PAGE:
Max Borenstein: Yes, so Ken in his memoir, one of the most effective parts of that is that he had permission from a lot of family members to quote their testimonials and did so verbatim, always anonymized, but the stories themselves are so specific and heartbreaking and real. We got permission to reproduce those and dramatize a number of them, so most of the talking head interviews, testimonials in the film, are verbatim quotes. Others are very slightly altered to be condensed, and some are more compositive in terms of taking some aspects of the true stories and creating some more simply digestible dialogue out of that. Actually, a few of them are actual people who lost their loved ones and wanted to come and sit in front of a camera and do that for us.
So they weren’t all just actors?
Max Borenstein: Yeah. I believe two are in the film still who were relatives of victims and were telling their own stories.
Did you get to sit down and talk with them even before filming those moments?
Max Borenstein: Yeah, we talked with all of them and found out what they were comfortable talking about. Sarah, the director, really just sort of had the conversation with them and they filmed.
When this movie was filmed in 2019, you probably didn’t think it would be coming out around the 20th anniversary. How does it feel knowing that the film is, in fact, being released around the anniversary?
Max Borenstein: I’m thrilled, actually, because I think at the time that we initially wrote it and were hoping to make the film, I think the timing wasn’t right. It was still so raw and so close that. We got close to making it but for various reasons, it didn’t happen. I actually think it really is for the best. In a lot of ways, the story that it tells has become more resonant in a more universal way by being a little farther from the actual event. I think being about story in which a government agency and people working for the government are able to do real good by involving themselves positively, empathetically, in the lives of citizens… I think that’s something that we need to see more of right now. Certainly, I think, with the pandemic we have an example of a moment where we need government in a positive way, not in a divisive way. It feels in a way more universally resonant and, at the same time, I’m glad that the film can come out on an anniversary or around an anniversary, where there will be that raised interest in reminding ourselves what happened 20 years ago. I think it’s an honor and I think serendipitous timing that the film can come out now.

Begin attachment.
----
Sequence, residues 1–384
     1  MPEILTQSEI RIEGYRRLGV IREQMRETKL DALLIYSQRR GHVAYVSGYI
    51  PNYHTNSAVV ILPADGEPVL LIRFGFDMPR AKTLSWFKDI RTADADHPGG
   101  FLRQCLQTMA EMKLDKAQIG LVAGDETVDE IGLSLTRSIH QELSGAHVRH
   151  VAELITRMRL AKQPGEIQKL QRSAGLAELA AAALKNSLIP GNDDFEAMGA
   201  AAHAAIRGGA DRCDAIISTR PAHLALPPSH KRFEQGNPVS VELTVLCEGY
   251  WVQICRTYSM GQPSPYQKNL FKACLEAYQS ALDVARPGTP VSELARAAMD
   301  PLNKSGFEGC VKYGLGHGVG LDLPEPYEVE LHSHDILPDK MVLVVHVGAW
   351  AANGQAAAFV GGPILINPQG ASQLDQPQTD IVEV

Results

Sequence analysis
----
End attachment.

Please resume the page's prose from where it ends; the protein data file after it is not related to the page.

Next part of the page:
What was the process of getting Michael Keaton on board?
Max Borenstein: Michael was our first choice. I spoke to him first years ago, years before we made the film, and he was really intrigued and liked the script and was intrigued by the character. But he was also trepidatious, I think. He wanted to tell the story, but it’s such a challenging one. He was flirting with it, I should say, for quite a while and we had a conversation years ago. And then a few years later, as we kind of got closer to making it, he finally felt that it was right for him to take on the role. Once he did, things really took off in terms of being able to assemble the rest of our team. I wrote it for the first time a long time ago in 2007-08, and it was something that I, over the years, just always wanted to try to push forward however I could. That meeting with Michael was one of those efforts. It felt at the time like, well, that didn’t work out, but it’s nice that he was interested, and then persistence, both in the sense of continuing to try and the way in which stories that stick with you persist I think won the day for both of us. We certainly were eager to have him when he was finally ready.
What do you hope viewers take away from this film?
Max Borenstein: I think it’s a story that could be dry or political or bureaucratic, but it’s really the story of a citizen wanting to help his fellow citizens to recover from a tragedy that there is no solving, there’s no fixing, but that through empathy and caring and humanity, there’s a way in which even the government and a law that was not intended initially to help people but rather to save the airline industry, could actually be put to the service of citizens in a way. Again, there is no fixing the problem, but there is healing and there’s moving on and there’s a helping hand. I think it’s an incredibly inspiring story from a human level and from the standpoint of our government. Like, look, the government can do good when there are good people involved.